Marie McInerney writes:
How will the new cervical cancer screening program, to be rolled out across Australia from May 2017, address historic failures to engage with Indigenous women?
It’s a big question following the release this week of a landmark study showing two-thirds of Indigenous women have not had a Pap smear, and that Indigenous women’s screening rates in Queensland have not improved in the 25 years of the National Cervical Screening Program (NCSP).
The signs are not promising. Formal consultations are due to begin with Indigenous health services in June – less than a year before the new national screening regime begins, and five years since the changes to the program were first mooted.
The Menzies School of Health Research released the research findings at the World Indigenous Cancer Conference in Brisbane on Tuesday, saying the NCSP has been “failing” Indigenous women, who are twice as likely to develop cervical cancer and four times more likely to die from it than other Australian women.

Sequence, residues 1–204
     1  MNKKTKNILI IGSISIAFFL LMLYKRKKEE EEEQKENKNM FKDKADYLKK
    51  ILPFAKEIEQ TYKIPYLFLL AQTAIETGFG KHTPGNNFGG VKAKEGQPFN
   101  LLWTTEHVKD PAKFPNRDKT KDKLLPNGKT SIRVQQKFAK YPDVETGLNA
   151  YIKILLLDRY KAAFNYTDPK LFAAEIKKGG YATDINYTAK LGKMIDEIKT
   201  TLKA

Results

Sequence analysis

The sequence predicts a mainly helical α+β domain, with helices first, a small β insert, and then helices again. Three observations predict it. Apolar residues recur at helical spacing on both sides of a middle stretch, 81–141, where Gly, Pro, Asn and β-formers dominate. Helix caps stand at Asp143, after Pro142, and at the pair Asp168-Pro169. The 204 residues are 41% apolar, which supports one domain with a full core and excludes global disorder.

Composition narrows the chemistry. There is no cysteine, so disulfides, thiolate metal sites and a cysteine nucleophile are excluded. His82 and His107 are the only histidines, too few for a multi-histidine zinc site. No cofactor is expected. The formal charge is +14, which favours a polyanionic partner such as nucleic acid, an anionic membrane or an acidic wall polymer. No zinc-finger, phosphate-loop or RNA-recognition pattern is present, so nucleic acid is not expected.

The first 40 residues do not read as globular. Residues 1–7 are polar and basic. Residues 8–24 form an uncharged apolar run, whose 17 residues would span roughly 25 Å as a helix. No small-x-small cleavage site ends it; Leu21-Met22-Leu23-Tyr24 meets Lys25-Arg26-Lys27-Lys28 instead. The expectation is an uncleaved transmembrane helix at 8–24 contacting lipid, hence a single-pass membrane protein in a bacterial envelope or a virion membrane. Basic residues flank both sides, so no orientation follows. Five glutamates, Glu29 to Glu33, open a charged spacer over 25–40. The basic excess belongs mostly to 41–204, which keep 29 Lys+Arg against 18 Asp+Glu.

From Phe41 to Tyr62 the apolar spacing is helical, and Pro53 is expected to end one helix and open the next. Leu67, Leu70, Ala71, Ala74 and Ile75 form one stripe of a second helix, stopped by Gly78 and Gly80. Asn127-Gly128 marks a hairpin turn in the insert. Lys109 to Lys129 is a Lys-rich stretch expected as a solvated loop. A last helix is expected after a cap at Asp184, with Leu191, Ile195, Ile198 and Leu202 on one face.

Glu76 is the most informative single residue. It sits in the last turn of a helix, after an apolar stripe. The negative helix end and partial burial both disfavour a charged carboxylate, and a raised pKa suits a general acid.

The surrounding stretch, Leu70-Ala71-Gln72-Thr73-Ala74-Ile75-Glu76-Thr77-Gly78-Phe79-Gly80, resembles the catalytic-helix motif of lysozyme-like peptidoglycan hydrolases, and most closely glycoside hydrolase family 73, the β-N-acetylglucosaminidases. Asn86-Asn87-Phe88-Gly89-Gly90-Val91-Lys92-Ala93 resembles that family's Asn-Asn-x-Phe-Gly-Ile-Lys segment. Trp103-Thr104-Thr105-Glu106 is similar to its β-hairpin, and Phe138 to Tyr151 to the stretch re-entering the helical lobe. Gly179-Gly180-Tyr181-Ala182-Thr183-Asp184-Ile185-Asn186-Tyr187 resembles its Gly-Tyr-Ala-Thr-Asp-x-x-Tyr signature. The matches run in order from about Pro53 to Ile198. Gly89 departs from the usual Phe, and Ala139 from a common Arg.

While researchers have long suspected poor screening rates for Indigenous women – sadly because the mortality rates are so high – they haven’t had concrete evidence because pathology report forms, the main data source for the Pap smear register, do not identify if women are Indigenous.
To fill that gap, the Menzies project, led by researcher Lisa Whop, conducted a retrospective cohort study of population-based linked health records for 1.3 million female Queensland residents aged 20–69 years who had one or more Pap smears during 2000–2011. From linked hospital records, 26,800 were identified as Indigenous women.
The study confirmed the fears: that two-thirds of Indigenous women don’t screen, and there had been no improvement in screening rates for Indigenous women in Queensland in the 25 years of the NCSP.
The findings were published this week in the international journal, Cancer.
A parallel study by Whop and colleagues was also published this week in the journal PLOS ONE, and reported that Indigenous women in Queensland are experiencing markedly higher rates of cervical abnormalities than non-Indigenous women. The study found that they are more than twice as likely to have a high grade abnormality as a non-Indigenous woman when they do present for cervical screening.